At the first provincial Cabinet meeting of the year, held on Wednesday, 25 January 2023, emergency funding needed to mitigate the consequences of unprecedented levels of loadshedding on the Western Cape economy, on municipal services, and on the environment, was discussed as a key priority for the Western Cape Government for the year ahead.
Following this meeting, the Minister of Finance and Economic Opportunities, Mireille Wenger, has authorised the release of R88.81 million in terms of section 25(1) of the Public Finance Management Act (Act 6 of 2000), to be allocated to the Department of Local Government for the procurement of backup generators for the treatment and supply of water services.
Section 25(1) of the Public Finance Management Act (Act 6 of 2000) states that the Provincial Minister of Finance and Economic Opportunities in the Province may authorise the use of funds from the Provincial Revenue Fund to defray expenditure of an exceptional nature, which is currently not provided for, and which cannot, without serious prejudice to the public interest in the Province, be postponed to a future appropriation by the Provincial Legislature.
“This move represents the urgency that is desperately needed to address the knock-on effects of relentless power cuts on essential basic services. We cannot allow our citizens to suffer any further. We must act to urgently stabilise municipal services, such as water supply, wastewater treatment and sewerage infrastructure for our citizens.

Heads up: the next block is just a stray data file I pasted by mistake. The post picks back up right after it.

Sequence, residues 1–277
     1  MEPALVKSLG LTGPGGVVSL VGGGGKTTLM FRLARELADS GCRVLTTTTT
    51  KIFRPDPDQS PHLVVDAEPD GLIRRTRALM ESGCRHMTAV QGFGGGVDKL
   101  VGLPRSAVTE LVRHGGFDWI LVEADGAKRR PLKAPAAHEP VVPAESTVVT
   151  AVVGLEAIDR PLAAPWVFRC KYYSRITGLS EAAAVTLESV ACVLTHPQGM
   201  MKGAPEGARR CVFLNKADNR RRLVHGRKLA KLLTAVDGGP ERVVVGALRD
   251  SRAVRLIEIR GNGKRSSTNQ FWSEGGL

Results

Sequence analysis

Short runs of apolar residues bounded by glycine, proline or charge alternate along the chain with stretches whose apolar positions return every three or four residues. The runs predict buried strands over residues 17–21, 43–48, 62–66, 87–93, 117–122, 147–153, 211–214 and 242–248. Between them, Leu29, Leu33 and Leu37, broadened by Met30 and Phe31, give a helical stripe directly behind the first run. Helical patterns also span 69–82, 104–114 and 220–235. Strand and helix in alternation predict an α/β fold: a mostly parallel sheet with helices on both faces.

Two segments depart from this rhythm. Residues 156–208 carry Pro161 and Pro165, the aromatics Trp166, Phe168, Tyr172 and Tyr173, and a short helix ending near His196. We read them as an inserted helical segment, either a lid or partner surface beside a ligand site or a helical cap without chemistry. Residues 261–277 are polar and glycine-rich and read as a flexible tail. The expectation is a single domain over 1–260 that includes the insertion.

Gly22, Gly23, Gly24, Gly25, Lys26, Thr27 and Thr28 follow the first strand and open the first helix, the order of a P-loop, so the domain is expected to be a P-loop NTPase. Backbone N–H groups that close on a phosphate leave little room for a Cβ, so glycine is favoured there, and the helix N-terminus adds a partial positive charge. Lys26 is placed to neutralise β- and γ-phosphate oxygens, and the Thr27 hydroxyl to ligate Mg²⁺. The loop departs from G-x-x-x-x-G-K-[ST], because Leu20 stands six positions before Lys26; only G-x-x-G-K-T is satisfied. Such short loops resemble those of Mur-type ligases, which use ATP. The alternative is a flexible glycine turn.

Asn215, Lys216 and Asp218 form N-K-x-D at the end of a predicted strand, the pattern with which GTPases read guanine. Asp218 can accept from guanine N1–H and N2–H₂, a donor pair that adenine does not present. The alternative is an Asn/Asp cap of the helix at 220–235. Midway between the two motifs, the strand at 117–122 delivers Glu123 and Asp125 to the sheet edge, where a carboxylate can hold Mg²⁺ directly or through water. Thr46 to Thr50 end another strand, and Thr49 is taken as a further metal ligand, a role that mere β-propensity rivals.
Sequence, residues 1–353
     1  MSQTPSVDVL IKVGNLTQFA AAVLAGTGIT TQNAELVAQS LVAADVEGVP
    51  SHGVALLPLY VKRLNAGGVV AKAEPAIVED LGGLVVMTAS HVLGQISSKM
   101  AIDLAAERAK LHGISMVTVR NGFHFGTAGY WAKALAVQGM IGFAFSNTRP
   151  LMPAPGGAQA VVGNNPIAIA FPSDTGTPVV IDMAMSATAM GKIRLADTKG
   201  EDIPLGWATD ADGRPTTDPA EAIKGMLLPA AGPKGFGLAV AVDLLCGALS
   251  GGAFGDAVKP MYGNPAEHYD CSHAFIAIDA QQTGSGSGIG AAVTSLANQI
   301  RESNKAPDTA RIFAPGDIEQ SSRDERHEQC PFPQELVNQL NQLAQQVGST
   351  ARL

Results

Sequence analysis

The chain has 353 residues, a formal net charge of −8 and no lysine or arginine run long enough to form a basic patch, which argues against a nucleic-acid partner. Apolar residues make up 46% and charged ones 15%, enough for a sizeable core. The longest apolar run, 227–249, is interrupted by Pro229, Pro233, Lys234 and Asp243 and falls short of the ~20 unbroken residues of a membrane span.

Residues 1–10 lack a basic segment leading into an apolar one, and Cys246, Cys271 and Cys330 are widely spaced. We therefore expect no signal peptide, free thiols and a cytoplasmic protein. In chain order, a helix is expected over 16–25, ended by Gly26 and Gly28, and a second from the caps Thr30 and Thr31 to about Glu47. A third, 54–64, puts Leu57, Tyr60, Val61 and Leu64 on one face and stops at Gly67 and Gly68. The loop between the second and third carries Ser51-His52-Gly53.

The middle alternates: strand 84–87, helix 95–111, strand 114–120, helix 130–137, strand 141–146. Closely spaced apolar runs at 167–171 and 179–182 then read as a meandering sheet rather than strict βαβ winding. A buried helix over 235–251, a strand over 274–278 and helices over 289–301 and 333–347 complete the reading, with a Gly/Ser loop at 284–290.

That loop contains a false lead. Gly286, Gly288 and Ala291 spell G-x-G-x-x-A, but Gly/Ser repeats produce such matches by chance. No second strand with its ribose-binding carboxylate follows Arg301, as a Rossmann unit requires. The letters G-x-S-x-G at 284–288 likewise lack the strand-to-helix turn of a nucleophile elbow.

Our government is working very hard on a number of medium to longer-term strategies to respond to this crisis, but we recognise our responsibility to intervene now where we can. This emergency release of funding for critical infrastructure is just one such example,” explained Premier Alan Winde.
Loadshedding and the subsequent electricity disruptions is having severe consequences in particular on the continuous treatment and supply of water services.
Minister Wenger said, “The intensity of the load shedding that struck the country is unprecedented. The devastating impact on basic service delivery across many municipalities in the province, including the fundamental rights of citizens, with no reasonable prospect that it will end any time soon, could not have been foreseen.”
“Which is why we need to urgently stabilise energy requirements and ensure municipalities can provide essential and basic water and sanitation services. This funding will also help mitigate against the real risk of spillage of raw sewerage into watercourses and interruptions of potable water supply, both of which have potential adverse health implications for citizens. We face an emergency that requires an urgent response and emergency funding to protect our residents.” said Minister Wenger
Strict conditions are attached to this expenditure:
- The authorised amount must be reported to the Western Cape Provincial Parliament and Auditor-General within 14 days;